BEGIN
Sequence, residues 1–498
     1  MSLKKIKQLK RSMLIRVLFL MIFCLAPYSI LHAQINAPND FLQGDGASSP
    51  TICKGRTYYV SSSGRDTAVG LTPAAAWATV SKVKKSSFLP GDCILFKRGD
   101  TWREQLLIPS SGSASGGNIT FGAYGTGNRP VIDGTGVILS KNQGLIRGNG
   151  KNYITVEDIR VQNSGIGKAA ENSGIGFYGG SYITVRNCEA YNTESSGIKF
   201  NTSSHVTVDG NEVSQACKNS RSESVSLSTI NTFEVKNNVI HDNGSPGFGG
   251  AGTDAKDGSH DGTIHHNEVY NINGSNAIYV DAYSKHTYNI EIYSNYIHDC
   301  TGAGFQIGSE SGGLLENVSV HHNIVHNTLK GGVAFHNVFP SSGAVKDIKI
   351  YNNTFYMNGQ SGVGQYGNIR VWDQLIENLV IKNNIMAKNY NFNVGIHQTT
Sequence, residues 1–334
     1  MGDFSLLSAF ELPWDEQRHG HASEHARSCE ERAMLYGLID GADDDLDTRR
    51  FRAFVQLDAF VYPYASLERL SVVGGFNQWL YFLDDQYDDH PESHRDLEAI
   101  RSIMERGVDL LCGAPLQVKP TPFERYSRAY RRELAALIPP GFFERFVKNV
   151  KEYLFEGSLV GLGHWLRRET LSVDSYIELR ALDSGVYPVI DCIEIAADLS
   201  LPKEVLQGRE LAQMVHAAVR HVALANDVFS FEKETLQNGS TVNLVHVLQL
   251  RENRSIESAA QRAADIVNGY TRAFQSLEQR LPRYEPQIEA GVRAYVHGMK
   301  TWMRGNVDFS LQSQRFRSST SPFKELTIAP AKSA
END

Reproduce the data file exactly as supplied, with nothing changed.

Sequence, residues 1–498
     1  MSLKKIKQLK RSMLIRVLFL MIFCLAPYSI LHAQINAPND FLQGDGASSP
    51  TICKGRTYYV SSSGRDTAVG LTPAAAWATV SKVKKSSFLP GDCILFKRGD
   101  TWREQLLIPS SGSASGGNIT FGAYGTGNRP VIDGTGVILS KNQGLIRGNG
   151  KNYITVEDIR VQNSGIGKAA ENSGIGFYGG SYITVRNCEA YNTESSGIKF
   201  NTSSHVTVDG NEVSQACKNS RSESVSLSTI NTFEVKNNVI HDNGSPGFGG
   251  AGTDAKDGSH DGTIHHNEVY NINGSNAIYV DAYSKHTYNI EIYSNYIHDC
   301  TGAGFQIGSE SGGLLENVSV HHNIVHNTLK GGVAFHNVFP SSGAVKDIKI
   351  YNNTFYMNGQ SGVGQYGNIR VWDQLIENLV IKNNIMAKNY NFNVGIHQTT
Sequence, residues 1–334
     1  MGDFSLLSAF ELPWDEQRHG HASEHARSCE ERAMLYGLID GADDDLDTRR
    51  FRAFVQLDAF VYPYASLERL SVVGGFNQWL YFLDDQYDDH PESHRDLEAI
   101  RSIMERGVDL LCGAPLQVKP TPFERYSRAY RRELAALIPP GFFERFVKNV
   151  KEYLFEGSLV GLGHWLRRET LSVDSYIELR ALDSGVYPVI DCIEIAADLS
   201  LPKEVLQGRE LAQMVHAAVR HVALANDVFS FEKETLQNGS TVNLVHVLQL
   251  RENRSIESAA QRAADIVNGY TRAFQSLEQR LPRYEPQIEA GVRAYVHGMK
   301  TWMRGNVDFS LQSQRFRSST SPFKELTIAP AKSA